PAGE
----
Saturday, March 7, 2009


One large ongoing project I have is my "old" car. Her name is Sue, and she is a 1989 Nissan Sentra that my dad purchased brand-new in 1988 when I was only a year old. My dad used this car as a daily commuter for about 14 years until he got a new Civic. A year later when I was 16 I started using this car as my primary vehicle, pretty much just driving to school and back and doing lots of teenager things.

My dad has been telling me about once every two years that "It'll be great if this car gets you through a year of high school/through high school/through your first year of college/through college/a year or two longer." Since she's made it this far, I've decided that she's not worth anything to anyone but me so I might as well turn her into a project car (even though I'm more or less the original owner). Sue is very, very reliable for being 20 years old, so the plan is to restore this car to how she was when she was driven off of the showroom floor.

This is Nissan's famous GA16i engine. It's a fuel-injected inline-four that develops around 90 horsepower and probably an insignificant amount of torque. It is a great engine for getting to and from work (I work in North Charleston, the seventh most dangerous city in America, on Ashley Phosphate road, a road that is one of the most dangerous roads to drive on in the country) and for getting surf boards to the beach. This engine has a timing chain, which means it'll run forever as long as the valves and seals are kept up. This particular engine has around 170k, which actually isn't a whole lot for a 20 year old car.

The two things that are not visible from these pictures are the wheels and the muffler. The wheels are the original wheels, but the original paint fell off sometime before I was 16. I painted them gray with Rustoleum but that's starting to fall off now, too. It also dosen't help that Sue has front disk brakes and rear drum brakes, which causes brake dust to accumulate on the front wheels but not on the rear wheels.

The muffler is not visible because it is non-existent. It fell off about eight months ago and just hasn't been replaced. The lack of a muffler gives the GA16i quite the exhaust note, but it's not so loud that its noticed by cops. And it helps to be in South Carolina where there are no state inspections of vehicles. Hooray!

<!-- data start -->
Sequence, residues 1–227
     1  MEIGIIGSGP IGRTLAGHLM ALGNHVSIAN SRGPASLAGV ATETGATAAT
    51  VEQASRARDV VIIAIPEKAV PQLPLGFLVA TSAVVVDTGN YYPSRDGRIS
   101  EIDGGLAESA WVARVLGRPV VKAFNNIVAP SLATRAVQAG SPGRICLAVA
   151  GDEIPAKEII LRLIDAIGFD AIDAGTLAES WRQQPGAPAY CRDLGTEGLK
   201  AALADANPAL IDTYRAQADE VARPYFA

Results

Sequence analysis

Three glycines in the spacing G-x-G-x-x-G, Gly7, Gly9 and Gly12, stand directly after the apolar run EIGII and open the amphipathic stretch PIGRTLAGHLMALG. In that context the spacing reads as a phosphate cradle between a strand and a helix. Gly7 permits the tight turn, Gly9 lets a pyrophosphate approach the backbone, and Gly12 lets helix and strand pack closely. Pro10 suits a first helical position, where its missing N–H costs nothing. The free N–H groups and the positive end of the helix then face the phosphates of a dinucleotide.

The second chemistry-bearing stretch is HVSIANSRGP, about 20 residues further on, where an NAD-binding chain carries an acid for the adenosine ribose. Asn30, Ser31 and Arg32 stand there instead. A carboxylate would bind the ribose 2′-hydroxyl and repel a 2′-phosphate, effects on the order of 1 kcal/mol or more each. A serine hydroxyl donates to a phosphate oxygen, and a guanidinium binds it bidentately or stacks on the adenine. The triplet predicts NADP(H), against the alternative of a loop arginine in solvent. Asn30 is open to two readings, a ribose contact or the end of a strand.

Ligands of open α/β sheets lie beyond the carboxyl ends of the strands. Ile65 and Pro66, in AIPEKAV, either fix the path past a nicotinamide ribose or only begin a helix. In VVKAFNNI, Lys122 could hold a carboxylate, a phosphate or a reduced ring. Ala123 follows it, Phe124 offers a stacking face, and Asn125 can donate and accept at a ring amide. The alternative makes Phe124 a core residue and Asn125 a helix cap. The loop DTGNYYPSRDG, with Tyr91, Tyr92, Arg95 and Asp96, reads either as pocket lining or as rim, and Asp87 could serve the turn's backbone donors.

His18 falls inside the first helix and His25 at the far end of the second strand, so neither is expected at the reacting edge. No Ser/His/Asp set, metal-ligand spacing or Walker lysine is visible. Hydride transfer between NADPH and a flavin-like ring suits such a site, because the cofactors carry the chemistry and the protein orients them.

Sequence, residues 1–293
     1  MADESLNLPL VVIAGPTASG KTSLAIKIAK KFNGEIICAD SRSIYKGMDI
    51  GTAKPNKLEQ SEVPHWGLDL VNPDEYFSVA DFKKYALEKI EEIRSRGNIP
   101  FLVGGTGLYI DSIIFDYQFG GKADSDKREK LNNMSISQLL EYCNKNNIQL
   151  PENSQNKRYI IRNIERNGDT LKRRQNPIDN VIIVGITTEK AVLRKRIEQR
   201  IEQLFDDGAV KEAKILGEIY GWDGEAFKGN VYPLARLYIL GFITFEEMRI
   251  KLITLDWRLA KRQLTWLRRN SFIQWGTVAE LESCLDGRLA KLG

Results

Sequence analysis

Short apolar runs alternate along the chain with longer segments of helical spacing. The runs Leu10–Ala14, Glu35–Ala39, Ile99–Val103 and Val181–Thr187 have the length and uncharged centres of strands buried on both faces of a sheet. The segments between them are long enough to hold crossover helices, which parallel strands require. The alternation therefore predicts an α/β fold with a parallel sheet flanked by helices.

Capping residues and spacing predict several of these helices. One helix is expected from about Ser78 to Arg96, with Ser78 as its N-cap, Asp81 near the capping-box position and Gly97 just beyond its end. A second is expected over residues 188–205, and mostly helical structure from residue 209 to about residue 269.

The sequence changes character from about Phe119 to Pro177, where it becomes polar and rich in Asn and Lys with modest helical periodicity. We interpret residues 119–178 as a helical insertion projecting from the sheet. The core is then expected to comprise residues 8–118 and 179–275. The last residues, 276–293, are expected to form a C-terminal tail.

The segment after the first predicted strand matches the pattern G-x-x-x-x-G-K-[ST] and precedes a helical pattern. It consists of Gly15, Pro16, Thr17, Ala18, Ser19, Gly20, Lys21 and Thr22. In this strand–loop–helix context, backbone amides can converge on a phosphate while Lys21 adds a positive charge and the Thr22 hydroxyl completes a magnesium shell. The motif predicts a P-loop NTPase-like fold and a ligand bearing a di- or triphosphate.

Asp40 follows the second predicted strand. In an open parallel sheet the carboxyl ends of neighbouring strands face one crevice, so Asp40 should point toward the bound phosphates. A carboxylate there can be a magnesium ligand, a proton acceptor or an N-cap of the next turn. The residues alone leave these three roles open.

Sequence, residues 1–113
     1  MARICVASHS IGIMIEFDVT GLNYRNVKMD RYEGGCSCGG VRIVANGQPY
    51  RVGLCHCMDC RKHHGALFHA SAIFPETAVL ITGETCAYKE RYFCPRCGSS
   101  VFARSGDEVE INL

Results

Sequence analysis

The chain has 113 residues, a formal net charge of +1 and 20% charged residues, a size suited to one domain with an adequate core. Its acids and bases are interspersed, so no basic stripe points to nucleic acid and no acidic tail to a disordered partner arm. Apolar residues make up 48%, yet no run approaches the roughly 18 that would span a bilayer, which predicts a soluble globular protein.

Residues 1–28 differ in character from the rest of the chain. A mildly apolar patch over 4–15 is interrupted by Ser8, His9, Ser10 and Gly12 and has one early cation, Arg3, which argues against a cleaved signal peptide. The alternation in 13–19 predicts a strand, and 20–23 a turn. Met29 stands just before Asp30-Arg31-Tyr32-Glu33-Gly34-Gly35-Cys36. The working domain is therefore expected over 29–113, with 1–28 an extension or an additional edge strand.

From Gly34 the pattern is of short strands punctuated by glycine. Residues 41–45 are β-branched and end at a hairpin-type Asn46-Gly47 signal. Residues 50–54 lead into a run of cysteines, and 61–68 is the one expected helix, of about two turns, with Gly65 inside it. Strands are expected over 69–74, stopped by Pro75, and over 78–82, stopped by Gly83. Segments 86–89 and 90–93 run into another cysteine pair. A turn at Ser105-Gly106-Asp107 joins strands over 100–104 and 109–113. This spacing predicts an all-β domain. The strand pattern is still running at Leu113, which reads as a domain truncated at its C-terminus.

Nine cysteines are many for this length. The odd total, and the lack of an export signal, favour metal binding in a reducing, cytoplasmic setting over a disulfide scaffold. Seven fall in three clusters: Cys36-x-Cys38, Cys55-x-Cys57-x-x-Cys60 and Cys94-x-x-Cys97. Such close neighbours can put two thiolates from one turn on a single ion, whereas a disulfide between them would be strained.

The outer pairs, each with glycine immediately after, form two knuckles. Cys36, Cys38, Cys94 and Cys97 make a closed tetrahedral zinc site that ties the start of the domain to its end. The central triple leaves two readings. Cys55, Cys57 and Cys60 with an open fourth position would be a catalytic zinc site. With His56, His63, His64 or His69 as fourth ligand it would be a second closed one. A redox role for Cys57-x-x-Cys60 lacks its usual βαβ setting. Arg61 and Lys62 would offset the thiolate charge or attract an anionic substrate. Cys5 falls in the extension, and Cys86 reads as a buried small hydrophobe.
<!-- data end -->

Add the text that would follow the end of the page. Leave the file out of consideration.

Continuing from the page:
You can see the amount of work that'll need to be done to the interior. I've removed some of the front console and the entire center console, and you might be able to see the huge cracks on the dashboard that have come about from parking this car outside for about five or six years. That'll need to be replaced too. Everything else is in pretty good shape except for the seats, which have some pretty big rips in them. If I can find some new seats to replace these, I'll remove the seat covers.
I recently removed the back seat, partially because the rear deck and tail light assembly need to be replaced due to sun damage. The other part is that I will hopefully be able to fit my 8'2'' surfboard in the car without putting it on the roof rack (I don't like driving long distances, i.e. Florida, with what is pretty much a huge wing strapped to the top of the car). The rear seats are in good condition, but all of what is in this picture is incredibly dirty and some parts have started to rust. The trunk needs to be de-rusted as well because my dad drove it around for at least a few years with a leak in the trunk that allowed a large amount of water to collect in the spare tire bay.

Needless to say, this car has not been too popular with some of my friends who just happen to be girls. (On the opposite end of the spectrum, anyone who has ever driven this car and has helped me work on it loves Sue.) After I bought and (through no fault of my own) crashed a motorcycle (Ana Maria, an 07 Kawasaki Ninja 250R), I now have Felicity, which is my "new" 92 Nissan 300ZX that gets 16 miles to the gallon and goes from 0-60 in about five and a half seconds.